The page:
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Cage Against the Machine: The Beaver Believers Documentary

A beaver being released back into the wild in The Beaver Believers.EXPAND
A beaver being released back into the wild in The Beaver Believers.
Sarah Koenigsberg

The issues of ecological management are often polarizing, with endless debates over climate change, water rights and managing our most basic and precious resources. But there's an often forgotten member of our ecology that has serious teeth in these matters: the beaver.

Some view beavers as a pesky menace, gnawing down ornamental landscaping, flooding waterways and chomping up cash crops. But then there are the beaver advocates, who want people to appreciate the majesty and value of these animals and the role that they play in a healthy environment.

Sarah Koenigsberg's film The Beaver Believers shares the heartwarming yet urgent tale of six activists –– a biologist, a hydrologist, a botanist, an ecologist, a psychologist and a hairdresser –– who are all fighting to save the beavers as they work to preserve our environment.

In this unlikely bunch, the rogue hairdresser is one of Colorado's own.

Sherri Tippie and a beloved beaver in The Beaver Believers.EXPAND
Sherri Tippie and a beloved beaver in The Beaver Believers.
Sarah Koenigsberg

Lakewood resident Sherri Tippie, a longtime animal activist and the subject of a Westword cover story, is not the type of woman you'd picture passionately slogging through wetlands to trap semi-aquatic rodents. “I am not an outdoorsy person, at all," she says in the film. "I like HBO. I like toilets that flush...I am not outdoorsy."

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She also hates deep water. "I'm scared to death of water where I can't see the bottom," she told Westword in 2011. But that doesn't stop her, because "doing this, live-trapping and relocating beaver and getting in the creeks and getting dirty and muddy, it is the most exciting and satisfying thing I’ve done in my life."

During decades of saving beavers from a cruel and untimely fate, Tippie has earned the moniker "Beaver Whisperer," a term she loathes. She's also been called "the Jane Goodall of beaver," another title that's not entirely fitting. Tippie's not a trained ethnologist, and she holds no scientific credentials. But her unyielding drive and compassionate intuition have made her an expert among beaver believers.

A self-taught trapper, Tippie was galvanized into action decades ago by a news story about how beaver were going to be killed for mauling trees on an Aurora golf course. An animal lover, Tippie didn't think twice. She was determined to become a live trapper, catching beavers in hostile environments and relocating them to safety.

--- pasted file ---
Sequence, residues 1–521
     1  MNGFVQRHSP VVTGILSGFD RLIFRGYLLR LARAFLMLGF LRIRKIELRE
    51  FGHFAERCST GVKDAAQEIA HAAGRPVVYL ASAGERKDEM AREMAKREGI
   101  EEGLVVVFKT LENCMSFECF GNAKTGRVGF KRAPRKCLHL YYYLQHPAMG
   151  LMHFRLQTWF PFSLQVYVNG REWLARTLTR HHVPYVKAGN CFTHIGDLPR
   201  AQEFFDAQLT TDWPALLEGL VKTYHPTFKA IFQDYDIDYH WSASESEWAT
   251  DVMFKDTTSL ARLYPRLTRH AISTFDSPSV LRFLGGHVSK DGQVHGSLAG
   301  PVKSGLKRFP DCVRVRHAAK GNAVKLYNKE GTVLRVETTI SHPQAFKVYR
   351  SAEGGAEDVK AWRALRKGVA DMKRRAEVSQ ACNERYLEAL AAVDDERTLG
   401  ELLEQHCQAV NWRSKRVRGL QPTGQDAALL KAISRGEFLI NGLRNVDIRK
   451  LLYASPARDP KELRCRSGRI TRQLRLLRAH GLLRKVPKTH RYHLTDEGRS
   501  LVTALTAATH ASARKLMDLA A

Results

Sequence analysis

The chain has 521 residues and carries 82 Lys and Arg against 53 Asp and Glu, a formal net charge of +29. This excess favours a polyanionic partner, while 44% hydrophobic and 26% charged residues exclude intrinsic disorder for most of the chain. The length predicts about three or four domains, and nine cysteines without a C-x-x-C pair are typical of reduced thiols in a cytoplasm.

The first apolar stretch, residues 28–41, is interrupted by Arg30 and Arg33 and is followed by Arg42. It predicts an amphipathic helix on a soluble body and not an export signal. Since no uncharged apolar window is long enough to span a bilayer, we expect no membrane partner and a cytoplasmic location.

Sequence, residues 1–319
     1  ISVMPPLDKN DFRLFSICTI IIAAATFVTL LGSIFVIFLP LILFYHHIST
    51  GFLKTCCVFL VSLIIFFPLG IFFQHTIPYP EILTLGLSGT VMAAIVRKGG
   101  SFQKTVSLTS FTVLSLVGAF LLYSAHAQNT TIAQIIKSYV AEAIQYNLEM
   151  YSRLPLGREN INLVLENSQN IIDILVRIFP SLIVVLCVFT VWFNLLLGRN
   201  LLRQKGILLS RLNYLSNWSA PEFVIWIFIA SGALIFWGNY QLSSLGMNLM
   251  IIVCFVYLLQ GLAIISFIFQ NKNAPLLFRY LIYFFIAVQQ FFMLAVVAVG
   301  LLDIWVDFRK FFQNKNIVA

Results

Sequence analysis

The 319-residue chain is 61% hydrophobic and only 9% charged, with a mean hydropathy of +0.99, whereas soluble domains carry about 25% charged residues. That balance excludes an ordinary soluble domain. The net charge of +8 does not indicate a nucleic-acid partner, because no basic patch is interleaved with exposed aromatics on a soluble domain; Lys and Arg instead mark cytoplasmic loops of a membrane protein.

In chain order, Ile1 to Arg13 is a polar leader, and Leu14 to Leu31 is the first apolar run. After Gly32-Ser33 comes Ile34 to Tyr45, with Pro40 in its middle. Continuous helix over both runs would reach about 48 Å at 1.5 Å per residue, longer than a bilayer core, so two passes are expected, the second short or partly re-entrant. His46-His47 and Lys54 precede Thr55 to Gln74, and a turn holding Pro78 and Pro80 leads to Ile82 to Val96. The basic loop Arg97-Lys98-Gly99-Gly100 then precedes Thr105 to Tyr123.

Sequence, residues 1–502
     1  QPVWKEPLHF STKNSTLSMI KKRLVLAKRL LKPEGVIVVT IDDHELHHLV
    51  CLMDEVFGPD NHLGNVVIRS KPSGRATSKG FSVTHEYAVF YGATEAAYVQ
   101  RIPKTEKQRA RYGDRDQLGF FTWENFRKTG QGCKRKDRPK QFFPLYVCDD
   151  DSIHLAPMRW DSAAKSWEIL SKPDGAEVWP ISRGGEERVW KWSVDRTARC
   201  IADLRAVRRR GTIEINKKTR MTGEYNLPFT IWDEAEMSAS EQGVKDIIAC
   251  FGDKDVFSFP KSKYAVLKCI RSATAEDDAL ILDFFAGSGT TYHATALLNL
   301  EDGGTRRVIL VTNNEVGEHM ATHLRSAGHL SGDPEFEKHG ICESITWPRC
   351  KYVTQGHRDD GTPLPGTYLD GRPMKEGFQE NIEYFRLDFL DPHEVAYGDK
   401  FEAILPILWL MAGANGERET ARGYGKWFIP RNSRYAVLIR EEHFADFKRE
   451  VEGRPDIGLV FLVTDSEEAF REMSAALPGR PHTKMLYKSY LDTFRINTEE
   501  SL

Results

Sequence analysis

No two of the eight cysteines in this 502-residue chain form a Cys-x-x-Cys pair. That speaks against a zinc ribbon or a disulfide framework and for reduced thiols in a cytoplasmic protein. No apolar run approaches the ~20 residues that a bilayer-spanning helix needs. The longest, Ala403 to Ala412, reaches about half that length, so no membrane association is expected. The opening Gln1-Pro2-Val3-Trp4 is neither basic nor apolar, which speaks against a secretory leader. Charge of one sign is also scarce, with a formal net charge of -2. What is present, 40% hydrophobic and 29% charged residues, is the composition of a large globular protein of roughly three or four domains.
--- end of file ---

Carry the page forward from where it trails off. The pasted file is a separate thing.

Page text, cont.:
Tippie understood that once landowners deem a beaver a nuisance, they have the legal right to kill it. She's also found that most people, when given the option, would prefer the animals be relocated rather than executed...but that's simply not policy for many trappers – which is why Tippie feels so passionately about her work.

"I say, if I can be a hairdresser and I can get involved and do something like this, anybody can," she stresses. "Don’t let anything hold you back. We have a responsibility, living on this planet, to do something.”

The Beaver Believers director Sarah Koenigsberg hard at work.EXPAND
The Beaver Believers director Sarah Koenigsberg hard at work.
Tyson Kopfer

That same mentality drove Koenigsberg to create The Beaver Believers. "When I set out in search of the story for my first feature-length film, I knew I wanted it to be about climate change," she says, "but I didn’t want to repeat the same apocalyptic 'doom and gloom' narrative that we’ve all seen before."  She thinks that grim approach makes viewers "feel like crap because it’s all our fault. That frame of catastrophic narrative is so often overwhelming, to the point of being disempowering and debilitating, that it is actually counterproductive to inciting action."

So instead she set out to make a film "where climate change could be seen, dare I say it, almost as an opportunity: as a motivating, inspiring impetus to jump into joyful action," she explains.

"On the surface, The Beaver Believers is all about these remarkable, adorable, little bucktoothed ecosystem engineers — how they are a keystone species, how they repair and expand riparian habitat, how they seem to counter nearly every negative impact of climate change — but at a deeper level, this film is about so much more," Koenigsberg says. "It’s about the human spirit, about passionate people striving to make the world more resilient and robust, and shockingly, having a fantastic time as they do so! It’s about realizing we have a place within the natural world, and that we have the capacity to be agents of good."

Her work as an agent of good doesn't stop with the film. Koenigsberg is creating the Beaver Coalition, structured similarly to the National Audubon Society, with local chapters of conservation advocates who can serve as "beaver first responders." She hopes to have the organization up and running by March, and encourages beaver believers to sign up for alerts via her newsletter.

“They’re going to take care of us," says Tippie in The Beaver Believers. "It’s our responsibility to take care of them, the right way.”

Catch The Beaver Believers on tour in Colorado at the Colorado Environmental Film Festival in Golden on Saturday, February 22; at the Nomad Playhouse in Boulder on Sunday, February 23; at the Esquire Theatre in Denver with special guest Sherri Tippie on Monday, February 24; and at the Lyric Cinema in Fort Collins, also on February 24. Find more information and purchase tickets on the film's website.

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